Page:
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Art Review Power 100 for 2009: Year of the Curator

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Art Review magazine unveiled their Power 100 list at the Frieze Art Fair in London. Damien Hirst, voted number one last year and the cover boy of Art Review's October 2009 issue, plummeted this year to number 48, indicating a possible reaction to the star artist syndrome occasioned by current economic worries. Although artists such as Bruce Nauman (number 10), Jeff Koons (13), Fischli & Weiss (19) and Mike Kelley (20) are highly placed.

Bruce Nauman

In addition to the expected mega dealers and mega collectors, a number of curators have garnered top power spots, led by omnipresent curator, panelist and art world organizer Hans Ulrich Obrist, the Swiss-born critic and co-director of Exhibitions at the Serpentine Gallery. He is this year's numero uno.

Hans Ulrich Obrist

Glenn Lowry, director of MoMA, took second place; he did not even appear in last year's list. Sir Nicholas Serota, director of the Tate, came in third.

Analysis from The Independent indicates:

It is curators rather than artists who are now regarded as the real movers and shakers of the art world.

"The people who are the top are the people who are kind of flexible and are able to cope with a world that is rapidly changing," said Mark Rappolt, editor of Art Review. "This is partly because of the recession, but partly because it was happening anyway, because you need to be flexible to work on a global level."

Other critic/curator/museum types given significant placement include Daniel Birnbaum (4), Anton Vidokle (8), Iwona Blazwick (9), Alfred Pacquement (18), Matthew Higgs (29) and Massimiliano Gioni (50). Glenn Beck comes in at number 100. It's good to know someone has a sense of humor.

The list in full:

1. Hans Ulrich Obrist

2. Glenn D. Lowry

3. Sir Nicholas Serota

4. Daniel Birnbaum

5. Larry Gagosian

6. François Pinault

7. Eli Broad

8. Anton Vidokle, Julieta Aranda & Brian Kuan Wood

9. Iwona Blazwick

10. Bruce Nauman

11. Iwan Wirth

12. David Zwirner

13. Jeff Koons

14. Jay Jopling

15. Marian Goodman

16. Agnes Gund

17. Takashi Murakami

18. Alfred Pacquement

19. Fischli & Weiss

20. Mike Kelley

21. Barbara Gladstone

22. Steven A. Cohen

23. Dominique Lévy & Robert Mnuchin

24. Adam D. Weinberg

25. Marc Glimcher

26. Brett Gorvy & Amy Cappellazzo

27. Tobias Meyer & Cheyenne Westphal

28. Ann Philbin

29. Matthew Higgs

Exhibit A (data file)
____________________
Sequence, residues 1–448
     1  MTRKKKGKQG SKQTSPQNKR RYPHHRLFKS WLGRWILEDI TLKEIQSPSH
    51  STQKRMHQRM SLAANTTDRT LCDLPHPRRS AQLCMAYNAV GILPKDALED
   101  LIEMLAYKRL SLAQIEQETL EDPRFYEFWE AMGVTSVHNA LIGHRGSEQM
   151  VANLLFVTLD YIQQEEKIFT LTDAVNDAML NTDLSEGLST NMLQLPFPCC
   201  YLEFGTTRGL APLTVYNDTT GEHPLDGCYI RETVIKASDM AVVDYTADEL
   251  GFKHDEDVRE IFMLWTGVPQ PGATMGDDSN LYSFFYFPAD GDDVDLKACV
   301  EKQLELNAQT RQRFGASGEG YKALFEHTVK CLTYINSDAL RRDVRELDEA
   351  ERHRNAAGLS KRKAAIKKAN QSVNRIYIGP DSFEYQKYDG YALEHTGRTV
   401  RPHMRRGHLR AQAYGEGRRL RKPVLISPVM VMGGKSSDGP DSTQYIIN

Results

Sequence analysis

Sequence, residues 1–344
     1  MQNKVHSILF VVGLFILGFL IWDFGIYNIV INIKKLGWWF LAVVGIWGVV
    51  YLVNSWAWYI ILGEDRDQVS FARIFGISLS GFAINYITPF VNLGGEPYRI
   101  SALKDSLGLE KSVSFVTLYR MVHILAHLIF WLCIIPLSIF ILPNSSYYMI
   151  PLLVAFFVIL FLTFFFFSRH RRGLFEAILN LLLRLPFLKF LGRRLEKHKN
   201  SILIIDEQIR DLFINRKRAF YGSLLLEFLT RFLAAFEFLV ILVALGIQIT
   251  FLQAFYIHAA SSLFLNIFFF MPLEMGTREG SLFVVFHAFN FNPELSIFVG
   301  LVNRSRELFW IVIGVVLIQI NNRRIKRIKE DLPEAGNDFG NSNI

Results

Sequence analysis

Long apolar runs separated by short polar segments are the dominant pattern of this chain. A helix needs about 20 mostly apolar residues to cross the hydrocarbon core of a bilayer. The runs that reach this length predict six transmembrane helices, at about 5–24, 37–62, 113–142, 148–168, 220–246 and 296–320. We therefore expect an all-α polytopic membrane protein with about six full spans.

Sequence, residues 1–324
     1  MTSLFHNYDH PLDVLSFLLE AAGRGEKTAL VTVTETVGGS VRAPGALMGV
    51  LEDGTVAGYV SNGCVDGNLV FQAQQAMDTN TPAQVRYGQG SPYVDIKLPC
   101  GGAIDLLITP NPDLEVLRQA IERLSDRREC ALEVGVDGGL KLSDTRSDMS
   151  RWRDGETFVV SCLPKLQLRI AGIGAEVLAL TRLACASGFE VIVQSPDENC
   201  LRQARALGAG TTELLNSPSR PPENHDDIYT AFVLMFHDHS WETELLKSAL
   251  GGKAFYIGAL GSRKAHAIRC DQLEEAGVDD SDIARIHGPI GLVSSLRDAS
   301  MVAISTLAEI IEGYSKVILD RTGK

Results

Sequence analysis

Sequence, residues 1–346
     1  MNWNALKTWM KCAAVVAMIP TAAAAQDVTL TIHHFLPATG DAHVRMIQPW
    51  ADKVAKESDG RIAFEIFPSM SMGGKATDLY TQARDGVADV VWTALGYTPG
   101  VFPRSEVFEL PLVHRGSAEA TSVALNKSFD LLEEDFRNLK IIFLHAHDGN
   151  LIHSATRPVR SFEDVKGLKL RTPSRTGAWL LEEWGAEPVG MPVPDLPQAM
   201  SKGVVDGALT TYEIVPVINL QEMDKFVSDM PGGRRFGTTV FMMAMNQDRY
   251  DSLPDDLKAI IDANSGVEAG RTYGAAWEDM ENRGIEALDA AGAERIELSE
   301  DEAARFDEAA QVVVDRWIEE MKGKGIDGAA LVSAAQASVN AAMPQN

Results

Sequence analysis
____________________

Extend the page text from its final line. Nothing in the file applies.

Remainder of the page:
30. Matthew Marks

31. Tim Blum & Jeff Poe

32. Gavin Brown

33. Ralph Rugoff

34. Liam Gillick

35. Anne Pasternak

36. Dakis Joannou

37. John Baldessari

38. Isa Genzken

39. Paul McCarthy

40. Michael Govan

41. Eugenio López

42. Cindy Sherman

43. Ai Weiwei

44. Patricia Phelps de Cisneros

45. Annette Schönholzer & Marc Spiegler

46. Diedrich Diederichsen

47. Richard Prince

48. Damien Hirst

49. Bernard Arnault

50. Massimiliano Gioni

51. Amanda Sharp & Matthew Slotover

52. Joel Wachs

53. Victor Pinchuk

54. Udo Kittelmann

55. Marina Abramovic

56. Michael Ringier

57. Gerhard Richter

58. Richard Serra

59. RoseLee Goldberg

60. Kasper König

61. Roberta Smith

62. Monika Sprüth & Philomene Magers

63. Germano Celant

64. Emmanuel Perrotin

65. Peter Schjeldahl

66. Beatrix Ruf

67. Okwui Enwezor

68. Nicolas Bourriaud

69. Karen & Christian Boros

70. Isabelle Graw

71. Maurizio Cattelan

72. Charles Saatchi

73. Jerry Saltz

74. Jasper Johns

75. Louise Bourgeois

76. Thaddaeus Ropac

77. Mera & Don Rubell

78. Thelma Golden

79. Sarah Morris

80. Carolyn Christov-Bakargiev

81. Anita & Poju Zabludowicz

82. Paul Schimmel

83. Jose, Alberto & David Mugrabi

84. Sadie Coles

85. Daniel Buchholz

86. Victoria Miro

87. Maureen Paley

88. Johann König

89. Nicolai Wallner

90. Maria Lind

91. Massimo De Carlo

92. Mario Cristiani, Lorenzo Fiaschi & Maurizio Rigillo

93. Rirkrit Tiravanija

94. Toby Webster

95. Long March Space

96. Nicholas Logsdail

97. Harry Blain & Graham Southern

98. Claire Hsu

99. Peter Nagy

100. Glenn Beck

The cover of the November 2009 issue of Art Review (which features the Power 100):

The magazine website has a page on the Power 100, with demographic breakdowns and an open comments thread.

Facebook Feedback on the Power 100 posting

I linked this post on my Facebook page and various people offered their input.

Wolfgang Stiller:

is wondering why so many people here get so excited with the "power list" that is exactly why art becomes so shallow. F.... the power list and care about art itself

Steven Kaplan:

Don't shoot the messenger. Those who create the Power List, year after year, obviously find it of some importance. My reporting it as news does not make me complicit in its assumptions nor in the self aggrandizement of its compilers.

Oliver Wasow:

I suppose you're right Steven, but if you just ignore it, it will perhaps go away.

Steven Kaplan:

On the other hand, you might choose to acknowledge it but then allow others to deride it for its silliness, pomposity and false claims at defining a zeitgeist.

Wolfgang Stiller:

true and unfortunately this definition of Zeitgeist is what we all have to deal with - weather we like it or not

Grace Graupe Pillard:

Glenn beck? Obviously has the power over much of the populace - those who think art is all about liberal establishment pulling one over you. DO take him seriously. Like Bush the fools can wreck enormous havoc.